James Gundry

Social Science
Summer 2019



For my Aurora placement as part of the Aurora Internship Program, I went up to Darwin to spend six weeks with the lovely staff at the North Australian Indigenous Land and Sea Management Alliance (NAILSMA). I thoroughly enjoyed my time with them, and they went out of their way to make me feel welcome. This was definitely not an internship where I was just filing, printing and getting coffee. Instead, I was in the thick of things, and was able to assist with a number of projects. There was a definite emphasis on learning whilst I worked, and indeed, I was openly encouraged to learn about what I was doing- through reading and watching videos. The staff also loved telling yarns and stories, and so I recommend knocking on the door and asking questions. However, the other staff are often on the phone or in meetings, so just make sure they're OK for a chat, or send an email through.

I got my own office, desk, computer and various office accoutrements such as stationary and a pot plant. It was good as it made you feel like you were going to accomplish things. I had my own intern email address, and access to the addresses of all staff. NAILSMA has offices across the Top End and in Queensland, so if you're working with one of them, you will have regular meetings over webcam or phone. However, you need to be fairly independent and be prepared to work autonomously (having your own office works well with this), as there is a lot of projects and only eight staff in the Darwin office. They will help you when they can, though.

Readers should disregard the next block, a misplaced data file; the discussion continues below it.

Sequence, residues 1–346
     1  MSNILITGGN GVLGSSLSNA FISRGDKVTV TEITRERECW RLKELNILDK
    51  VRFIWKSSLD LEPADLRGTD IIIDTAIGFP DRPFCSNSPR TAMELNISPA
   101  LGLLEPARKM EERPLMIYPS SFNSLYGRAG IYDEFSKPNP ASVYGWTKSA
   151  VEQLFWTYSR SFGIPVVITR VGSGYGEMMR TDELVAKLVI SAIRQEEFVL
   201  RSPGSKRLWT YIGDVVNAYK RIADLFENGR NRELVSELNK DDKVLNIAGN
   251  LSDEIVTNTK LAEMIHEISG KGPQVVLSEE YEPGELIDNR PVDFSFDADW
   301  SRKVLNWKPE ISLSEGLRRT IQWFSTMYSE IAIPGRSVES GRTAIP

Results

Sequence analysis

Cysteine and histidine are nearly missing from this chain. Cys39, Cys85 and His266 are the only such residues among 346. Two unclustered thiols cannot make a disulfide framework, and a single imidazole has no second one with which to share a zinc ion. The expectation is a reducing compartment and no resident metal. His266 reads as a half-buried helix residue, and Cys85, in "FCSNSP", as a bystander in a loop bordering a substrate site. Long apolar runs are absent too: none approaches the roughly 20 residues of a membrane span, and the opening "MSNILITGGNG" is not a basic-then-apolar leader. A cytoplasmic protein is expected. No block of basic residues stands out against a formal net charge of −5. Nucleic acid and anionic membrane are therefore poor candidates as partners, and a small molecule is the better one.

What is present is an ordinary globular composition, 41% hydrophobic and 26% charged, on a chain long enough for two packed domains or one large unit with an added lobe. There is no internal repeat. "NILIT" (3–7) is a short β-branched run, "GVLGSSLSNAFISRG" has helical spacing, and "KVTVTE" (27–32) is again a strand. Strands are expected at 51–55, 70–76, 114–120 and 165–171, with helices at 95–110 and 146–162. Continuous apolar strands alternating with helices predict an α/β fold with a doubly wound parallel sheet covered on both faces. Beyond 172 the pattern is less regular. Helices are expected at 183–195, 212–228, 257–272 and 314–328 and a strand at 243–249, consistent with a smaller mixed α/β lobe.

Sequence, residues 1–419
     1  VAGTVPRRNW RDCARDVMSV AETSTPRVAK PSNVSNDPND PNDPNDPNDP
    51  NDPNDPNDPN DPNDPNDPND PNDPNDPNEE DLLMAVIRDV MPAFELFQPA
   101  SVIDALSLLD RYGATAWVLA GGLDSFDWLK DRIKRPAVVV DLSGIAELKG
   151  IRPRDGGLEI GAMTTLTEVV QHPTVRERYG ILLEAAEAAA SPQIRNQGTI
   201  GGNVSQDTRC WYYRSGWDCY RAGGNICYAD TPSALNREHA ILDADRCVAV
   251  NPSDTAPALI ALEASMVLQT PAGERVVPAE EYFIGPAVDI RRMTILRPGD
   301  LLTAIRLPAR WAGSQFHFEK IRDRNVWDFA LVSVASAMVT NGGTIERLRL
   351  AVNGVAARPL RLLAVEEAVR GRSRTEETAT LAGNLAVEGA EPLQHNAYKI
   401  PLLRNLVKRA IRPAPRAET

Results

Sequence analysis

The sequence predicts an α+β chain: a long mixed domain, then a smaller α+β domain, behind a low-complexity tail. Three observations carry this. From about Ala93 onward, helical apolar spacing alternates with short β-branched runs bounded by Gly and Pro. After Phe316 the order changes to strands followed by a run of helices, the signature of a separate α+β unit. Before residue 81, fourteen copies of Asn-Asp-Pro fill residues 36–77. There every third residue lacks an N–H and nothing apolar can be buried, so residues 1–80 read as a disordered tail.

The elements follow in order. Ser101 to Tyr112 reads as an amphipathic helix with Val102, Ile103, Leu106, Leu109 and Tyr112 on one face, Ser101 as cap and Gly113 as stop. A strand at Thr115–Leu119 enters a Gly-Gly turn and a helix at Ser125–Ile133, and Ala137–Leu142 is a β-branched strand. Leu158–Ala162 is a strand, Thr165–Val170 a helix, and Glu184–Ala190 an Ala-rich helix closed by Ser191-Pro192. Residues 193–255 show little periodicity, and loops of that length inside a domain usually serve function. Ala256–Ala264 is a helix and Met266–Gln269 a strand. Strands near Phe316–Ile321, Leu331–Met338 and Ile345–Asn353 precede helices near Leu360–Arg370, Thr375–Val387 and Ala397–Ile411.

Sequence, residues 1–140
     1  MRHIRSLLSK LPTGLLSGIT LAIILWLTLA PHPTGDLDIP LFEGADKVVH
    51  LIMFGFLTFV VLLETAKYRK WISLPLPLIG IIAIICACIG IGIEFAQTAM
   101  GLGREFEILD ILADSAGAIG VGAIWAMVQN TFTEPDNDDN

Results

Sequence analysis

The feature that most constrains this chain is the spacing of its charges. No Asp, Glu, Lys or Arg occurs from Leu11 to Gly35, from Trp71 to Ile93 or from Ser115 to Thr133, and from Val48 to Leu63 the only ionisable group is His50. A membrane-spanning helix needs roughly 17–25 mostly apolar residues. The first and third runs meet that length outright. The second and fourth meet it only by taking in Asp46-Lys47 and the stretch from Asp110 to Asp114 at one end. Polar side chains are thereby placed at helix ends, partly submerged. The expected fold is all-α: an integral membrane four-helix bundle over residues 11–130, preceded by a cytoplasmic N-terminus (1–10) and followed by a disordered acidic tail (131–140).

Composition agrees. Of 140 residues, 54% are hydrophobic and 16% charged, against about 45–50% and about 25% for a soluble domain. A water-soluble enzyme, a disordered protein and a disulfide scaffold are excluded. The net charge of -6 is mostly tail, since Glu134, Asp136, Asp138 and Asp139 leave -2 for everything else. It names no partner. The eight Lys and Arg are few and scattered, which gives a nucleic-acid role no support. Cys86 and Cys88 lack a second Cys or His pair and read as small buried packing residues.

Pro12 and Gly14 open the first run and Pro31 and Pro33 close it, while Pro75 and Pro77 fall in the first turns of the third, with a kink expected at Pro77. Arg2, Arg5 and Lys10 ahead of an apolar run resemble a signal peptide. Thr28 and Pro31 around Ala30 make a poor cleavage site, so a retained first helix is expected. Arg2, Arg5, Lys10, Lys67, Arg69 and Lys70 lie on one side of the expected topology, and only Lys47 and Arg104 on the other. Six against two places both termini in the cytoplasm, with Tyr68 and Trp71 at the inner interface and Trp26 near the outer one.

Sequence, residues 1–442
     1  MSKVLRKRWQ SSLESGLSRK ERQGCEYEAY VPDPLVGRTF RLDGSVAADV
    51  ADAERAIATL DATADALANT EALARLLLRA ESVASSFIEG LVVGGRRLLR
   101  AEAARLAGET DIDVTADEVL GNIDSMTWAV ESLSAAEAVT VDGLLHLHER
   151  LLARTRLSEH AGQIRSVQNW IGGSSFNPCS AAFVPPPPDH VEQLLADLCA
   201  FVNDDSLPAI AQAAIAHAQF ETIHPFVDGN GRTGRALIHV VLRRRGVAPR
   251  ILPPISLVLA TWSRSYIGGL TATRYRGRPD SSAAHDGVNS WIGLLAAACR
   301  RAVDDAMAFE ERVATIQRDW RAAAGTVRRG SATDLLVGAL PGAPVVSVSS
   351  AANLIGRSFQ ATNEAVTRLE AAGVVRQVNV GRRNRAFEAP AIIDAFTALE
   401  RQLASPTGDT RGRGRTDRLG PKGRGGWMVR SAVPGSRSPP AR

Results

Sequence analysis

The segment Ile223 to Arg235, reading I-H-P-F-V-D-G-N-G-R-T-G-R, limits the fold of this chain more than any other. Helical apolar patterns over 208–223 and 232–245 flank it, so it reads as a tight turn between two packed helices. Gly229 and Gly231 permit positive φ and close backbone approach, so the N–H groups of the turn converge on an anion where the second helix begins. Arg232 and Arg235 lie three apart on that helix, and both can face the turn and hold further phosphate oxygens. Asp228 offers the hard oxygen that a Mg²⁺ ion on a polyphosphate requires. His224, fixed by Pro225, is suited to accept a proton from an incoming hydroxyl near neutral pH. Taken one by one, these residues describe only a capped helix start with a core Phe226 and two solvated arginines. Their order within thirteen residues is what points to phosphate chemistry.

Initially, I had conversations with each staff member, and was asked to read through reports and documents available on the NAILSMA website (pro tip, do this beforehand or on the plane!!) to get a feel for what NAILSMA does, and the speciality of each staff member, for example, NAILSMA does projects involving using tracking software to allow ranger groups to record their work, indigenous education and training, Walking On Country, which focuses on getting traditional owners to go to their Country and experience it, to re-establish their connection with the land, and help the next generation to do so as well. There is also Business on Country, involving helping traditional owners and communities build capacity for jobs, tourism etc. I wasn't sure where I wanted to focus, so I was able to help on a number of these, helping write reports and flow charts for Business on Country. I have no idea about business, so they helped me out. Don't worry if they ask you to do something you are unfamiliar with- they know that, and you're encouraged to learn and ask questions. I was also able to attend a few high-level meetings as an observer, a real privilege for me. Other bonuses were attending a conference on savanna bushfire management and Indigenous burning, a key NAILSMA project. I was not able to go out into the field (to the communities) because of the wet season preventing access- there was also no opportunities for me to go unfortunately. So, do be prepared (and don't get disappointed) if there is no fieldwork available-the whole team was looking out for me in this regard, so keep asking every now and then. Oh, and finally, hours are roughly 0900-1700, but just ask if you need to go early or whatever, they are pretty relaxed.